Tomatoes, Werewolves and ‘Wolf-peaches’

August is prime tomato time. This week, because so many of them are coming out of the garden, we have a little story for you about tomatoes — and werewolves:

A French botanist named Tournefort assigned the botanical name, Lycopersicon esculentum, to the tomato. Why a Frenchman got to choose, we don’t know, but this Latin name translates, strangely, to “wolfpeach” – round and soft-skinned like a “peach, and “wolf” (maybe?) because the tomato was considered poisonous at the time. It is thought that perhaps Messr. Tournefort mistakenly took the tomato for the mythological wolfpeach referred to in the writings of the ancient Greek physician-philosopher Galen, who wrote that wolves could be destroyed with tomatoes.

(You try it first and report back to us how that goes.)

Or perhaps the botanist got the idea from old German werewolf [“lycanthropy”] myths, where witches use nightshade plants [tomatoes belong to the nightshade family] to create werewolves. Considering that tomatoes were long thought to be poisonous, we wonder what it took for the first person to go ahead and bite into one.  Probably the same guy who first ate a mushroom. Or sushi.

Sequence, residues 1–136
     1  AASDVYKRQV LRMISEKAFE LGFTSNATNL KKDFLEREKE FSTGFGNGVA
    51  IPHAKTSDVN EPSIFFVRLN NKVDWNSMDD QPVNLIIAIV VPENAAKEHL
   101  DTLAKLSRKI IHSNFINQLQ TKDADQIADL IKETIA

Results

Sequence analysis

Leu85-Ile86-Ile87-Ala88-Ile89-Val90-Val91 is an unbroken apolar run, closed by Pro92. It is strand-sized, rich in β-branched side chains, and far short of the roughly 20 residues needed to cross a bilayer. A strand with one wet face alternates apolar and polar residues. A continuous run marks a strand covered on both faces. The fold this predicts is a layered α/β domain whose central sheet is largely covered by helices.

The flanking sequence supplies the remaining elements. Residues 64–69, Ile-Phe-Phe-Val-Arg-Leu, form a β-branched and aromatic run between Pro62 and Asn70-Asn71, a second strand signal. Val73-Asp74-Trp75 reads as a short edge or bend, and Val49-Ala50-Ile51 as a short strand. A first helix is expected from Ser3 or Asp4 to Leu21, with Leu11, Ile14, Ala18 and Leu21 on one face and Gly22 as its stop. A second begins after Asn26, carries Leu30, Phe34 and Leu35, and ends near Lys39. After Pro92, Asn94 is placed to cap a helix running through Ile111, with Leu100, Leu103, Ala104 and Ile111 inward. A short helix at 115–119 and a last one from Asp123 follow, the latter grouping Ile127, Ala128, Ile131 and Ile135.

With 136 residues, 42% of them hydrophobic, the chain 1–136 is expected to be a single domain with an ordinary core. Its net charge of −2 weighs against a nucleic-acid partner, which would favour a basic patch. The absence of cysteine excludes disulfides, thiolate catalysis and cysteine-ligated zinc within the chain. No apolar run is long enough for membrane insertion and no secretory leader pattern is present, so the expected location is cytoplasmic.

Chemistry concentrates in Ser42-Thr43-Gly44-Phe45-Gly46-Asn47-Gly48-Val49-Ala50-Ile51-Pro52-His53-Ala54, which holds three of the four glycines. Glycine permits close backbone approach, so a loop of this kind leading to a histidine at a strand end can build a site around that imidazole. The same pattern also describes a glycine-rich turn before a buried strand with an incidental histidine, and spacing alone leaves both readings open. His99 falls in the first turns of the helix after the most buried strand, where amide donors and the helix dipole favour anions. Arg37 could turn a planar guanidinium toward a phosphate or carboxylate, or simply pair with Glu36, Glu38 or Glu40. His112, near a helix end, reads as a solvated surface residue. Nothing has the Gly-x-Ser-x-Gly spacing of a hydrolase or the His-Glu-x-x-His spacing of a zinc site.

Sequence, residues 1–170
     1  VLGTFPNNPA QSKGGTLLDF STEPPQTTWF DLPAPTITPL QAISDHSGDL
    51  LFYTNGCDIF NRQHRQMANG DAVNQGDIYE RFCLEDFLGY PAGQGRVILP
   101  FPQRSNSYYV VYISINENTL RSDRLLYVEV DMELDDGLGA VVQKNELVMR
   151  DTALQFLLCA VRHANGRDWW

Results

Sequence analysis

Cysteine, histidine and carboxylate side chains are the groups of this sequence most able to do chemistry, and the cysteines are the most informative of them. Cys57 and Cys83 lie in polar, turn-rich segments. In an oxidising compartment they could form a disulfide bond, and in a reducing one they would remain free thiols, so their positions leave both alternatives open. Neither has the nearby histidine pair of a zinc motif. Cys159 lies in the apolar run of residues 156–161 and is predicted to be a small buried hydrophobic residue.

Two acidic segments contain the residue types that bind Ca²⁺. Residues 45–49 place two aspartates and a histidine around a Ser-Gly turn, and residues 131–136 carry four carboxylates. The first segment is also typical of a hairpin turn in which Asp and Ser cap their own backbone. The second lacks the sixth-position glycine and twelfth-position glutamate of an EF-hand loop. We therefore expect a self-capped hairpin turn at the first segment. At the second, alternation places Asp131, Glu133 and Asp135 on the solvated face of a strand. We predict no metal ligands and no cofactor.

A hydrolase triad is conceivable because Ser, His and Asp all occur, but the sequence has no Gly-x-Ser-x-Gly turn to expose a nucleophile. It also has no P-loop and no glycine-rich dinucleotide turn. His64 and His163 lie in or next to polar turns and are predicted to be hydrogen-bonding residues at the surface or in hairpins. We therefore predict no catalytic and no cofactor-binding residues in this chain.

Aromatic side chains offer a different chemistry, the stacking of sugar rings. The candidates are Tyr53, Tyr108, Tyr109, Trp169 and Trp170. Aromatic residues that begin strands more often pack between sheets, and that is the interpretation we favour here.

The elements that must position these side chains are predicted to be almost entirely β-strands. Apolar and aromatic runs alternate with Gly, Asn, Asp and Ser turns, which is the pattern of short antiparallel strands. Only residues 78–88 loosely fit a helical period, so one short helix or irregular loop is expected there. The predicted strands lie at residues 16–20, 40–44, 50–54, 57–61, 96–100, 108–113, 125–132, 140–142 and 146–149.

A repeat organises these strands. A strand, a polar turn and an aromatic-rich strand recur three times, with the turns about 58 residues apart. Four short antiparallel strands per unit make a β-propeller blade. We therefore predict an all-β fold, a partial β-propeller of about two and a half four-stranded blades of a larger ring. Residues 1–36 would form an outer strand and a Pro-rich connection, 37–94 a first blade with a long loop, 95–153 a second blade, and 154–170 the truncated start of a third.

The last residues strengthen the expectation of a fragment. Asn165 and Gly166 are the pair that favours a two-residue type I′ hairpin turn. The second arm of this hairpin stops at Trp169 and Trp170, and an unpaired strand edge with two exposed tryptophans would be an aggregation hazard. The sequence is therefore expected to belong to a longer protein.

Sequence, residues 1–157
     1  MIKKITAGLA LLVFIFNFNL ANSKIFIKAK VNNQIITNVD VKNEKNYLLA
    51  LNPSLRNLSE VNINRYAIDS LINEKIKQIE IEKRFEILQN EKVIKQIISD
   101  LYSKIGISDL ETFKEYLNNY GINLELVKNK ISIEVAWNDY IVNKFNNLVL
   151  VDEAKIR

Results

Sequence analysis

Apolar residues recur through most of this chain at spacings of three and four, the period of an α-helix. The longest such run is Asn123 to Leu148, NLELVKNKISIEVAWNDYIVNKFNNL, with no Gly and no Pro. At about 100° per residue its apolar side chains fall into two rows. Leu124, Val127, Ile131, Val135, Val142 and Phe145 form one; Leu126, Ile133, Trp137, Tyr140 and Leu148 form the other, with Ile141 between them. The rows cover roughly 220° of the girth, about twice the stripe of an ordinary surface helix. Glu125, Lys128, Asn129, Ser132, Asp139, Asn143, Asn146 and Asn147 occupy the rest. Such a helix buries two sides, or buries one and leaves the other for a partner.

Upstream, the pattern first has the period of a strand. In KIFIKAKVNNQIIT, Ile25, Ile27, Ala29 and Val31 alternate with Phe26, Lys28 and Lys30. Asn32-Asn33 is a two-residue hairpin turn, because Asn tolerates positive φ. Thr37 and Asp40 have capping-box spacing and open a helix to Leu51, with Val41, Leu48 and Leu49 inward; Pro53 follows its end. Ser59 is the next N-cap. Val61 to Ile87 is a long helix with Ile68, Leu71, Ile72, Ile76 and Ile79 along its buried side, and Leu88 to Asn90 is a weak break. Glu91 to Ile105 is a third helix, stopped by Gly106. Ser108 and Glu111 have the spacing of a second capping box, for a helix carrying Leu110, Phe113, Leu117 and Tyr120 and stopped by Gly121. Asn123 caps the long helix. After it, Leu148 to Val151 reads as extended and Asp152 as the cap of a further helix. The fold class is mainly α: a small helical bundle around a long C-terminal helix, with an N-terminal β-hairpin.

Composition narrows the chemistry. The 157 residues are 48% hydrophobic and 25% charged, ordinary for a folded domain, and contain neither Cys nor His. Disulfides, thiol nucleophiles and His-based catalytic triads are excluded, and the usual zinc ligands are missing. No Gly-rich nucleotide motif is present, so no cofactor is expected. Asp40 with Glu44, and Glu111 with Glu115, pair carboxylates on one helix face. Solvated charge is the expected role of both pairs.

Werewolf Etiquette Tip: If are in London, and you happen to see a werewolf with a Chinese menu in his hand, walking the streets in the rain, you do not have to share your tomatoes with him. He is, in fact, looking for a place called Lee Ho Fook’s, or perhaps for a good pina colada at Trader Vic’s. It’s best to just tell him his hair looks perfect and move along – quickly.

If werewolves are not a concern at your table, try a freshly-sliced tomato with a drizzle of our Traditional Balsamic Vinegar and perhaps a pinch of exquisite Fleur de Sel.

Chef Amy has posted lots of other ways to make something tasty with tomatoes on the AllSpice recipe pages, too.  You’ll find something for every taste there – including these favorites of ours:

No word whether any of these recipes works at repelling or destroying werewolves (we’re reviewing old episodes of Scooby-doo and looking for clues among Shaggy’s many late-night snacks to see if any were tomato-related), but they are certain to attract hungry diners to the table — and use up some of the bounty of your garden or CSA box.

Photo: Tiny tomatoes, Elisabeth Lewin, 2009.